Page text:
The (i)llegality surrounding CBD and medicinal marijuana (which are a whole other category, described in our medical marijuana for pain guide) can make choosing and using the right product confusing. Here is what you may find when you start searching the marketplace.
Here’s a quick cheat sheet but note that efficacy of each is still up for debate.
HOW TO USE CBD FOR PAIN: WHICH PRODUCTS TO TRY
1. Corroon J, Phillips JA. A cross-sectional study of cannabidiol users. Cannabis Cannabinoid Res. 2018;3(1):152-161.
When we talk about CBD, we are typically talking about CBD products, such as topical creams and ingestible oils that are created by extracting the CBD compound from the marijuana plant. Although, some CBD products do contain small amounts of THC – which we will get to.
But it’s not that simple. CBD has been shown to decrease the psychotropic effects of THC, meaning that if a full spectrum extract has a greater ratio of THC to CBD, you won’t necessarily feel so high. Of course, everyone responds differently to marijuana and this will involve a lot of trial and error.
Many plants contain cannabinoids, and people often confuse CBD with THC (tetrahydrocannabinol) which is another type of cannabinoid. Unlike THC, CBD does not cause a “high” or euphoric effect because it does not affect the same receptors as THC.
By law, industrial hemp from which CBD is extracted must contain no more than 0.3 percent THC to be considered hemp, otherwise, growers are at risk of prosecution under federal law.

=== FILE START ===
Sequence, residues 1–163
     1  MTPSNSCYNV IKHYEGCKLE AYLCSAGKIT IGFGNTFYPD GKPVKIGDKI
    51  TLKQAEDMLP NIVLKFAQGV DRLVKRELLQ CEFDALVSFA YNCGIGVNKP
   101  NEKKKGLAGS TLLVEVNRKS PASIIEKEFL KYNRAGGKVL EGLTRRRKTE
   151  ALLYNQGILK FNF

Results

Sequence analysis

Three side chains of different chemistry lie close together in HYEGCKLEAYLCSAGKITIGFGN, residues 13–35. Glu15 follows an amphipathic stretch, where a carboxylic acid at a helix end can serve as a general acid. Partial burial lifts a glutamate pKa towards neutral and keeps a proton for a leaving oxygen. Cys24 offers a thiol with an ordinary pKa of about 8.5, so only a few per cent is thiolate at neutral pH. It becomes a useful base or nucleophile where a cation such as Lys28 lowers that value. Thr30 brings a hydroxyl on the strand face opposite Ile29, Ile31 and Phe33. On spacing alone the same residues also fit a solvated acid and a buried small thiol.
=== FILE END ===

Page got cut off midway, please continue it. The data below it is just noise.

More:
CBD is thought to work by reducing inflammation in the brain and nervous system via an effect on cannabinoid and other receptors, ion channels, anandamide (a substance that regulates our response to pain) and enzymes.
Medically reviewed by Carmen Fookes, BPharm. Last updated on Oct 17, 2019.
CBD has been credited with relieving anxiety, inflammation, insomnia, and pain, although currently, the most scientific proof rests with its effects in people with epilepsy. Epidiolex is a prescription CBD oil that was FDA approved in June 2018 for two rare and severe forms of epilepsy, Lennox-Gastaut syndrome (LGS) and Dravet syndrome.
If you’re thinking of trying CBD oil for pain relief (and it is legal where you live), talk to your doctor to discuss whether it’s appropriate for you and the safest way to incorporate it into your pain management plan. Keep in mind that due to the lack of regulation, the purity and content of CBD oil products can vary.
However, it should be noted that the studies used a variety of cannabis-based medicines (e.g., inhaled cannabis, sprays, and oral tablets containing THC and/or CBD from plant sources or made synthetically), some of which are more likely to result in these side effects than products without THC.
In this report, researchers reviewed 16 previously published studies testing the use of various cannabis-based medicines in the treatment of chronic neuropathic pain and found some evidence that cannabis-based medicines may help with pain relief and reduce pain intensity, sleep difficulties, and psychological distress.
The research on the side effects of CBD oil is extremely limited. CBD is the major non-psychoactive component of cannabis. Due to the lack of regulation, there is inconsistency in content and purity. The amount of CBD may not be consistent, and products can contain varying amounts of the psychoactive component THC.
According to the Institute of Medicine of The National Academies, 100 million Americans live with chronic pain. Along with drastically reducing quality of life, chronic pain can increase healthcare costs and have a negative impact on productivity at work.
What’s more, CBD oil may interact with certain medicines, such as medications changed by the liver (including chlorzoxazone, theophylline, clozapine, and progesterone) and sedative medications (including benzodiazepines, phenobarbital, fentanyl, and morphine).
As more and more states across the U.S. legalize the use of marijuana, CBD oil has become more widely available. CBD oil is now sold in a range of forms, including capsules, creams, tinctures, and under-the-tongue sprays.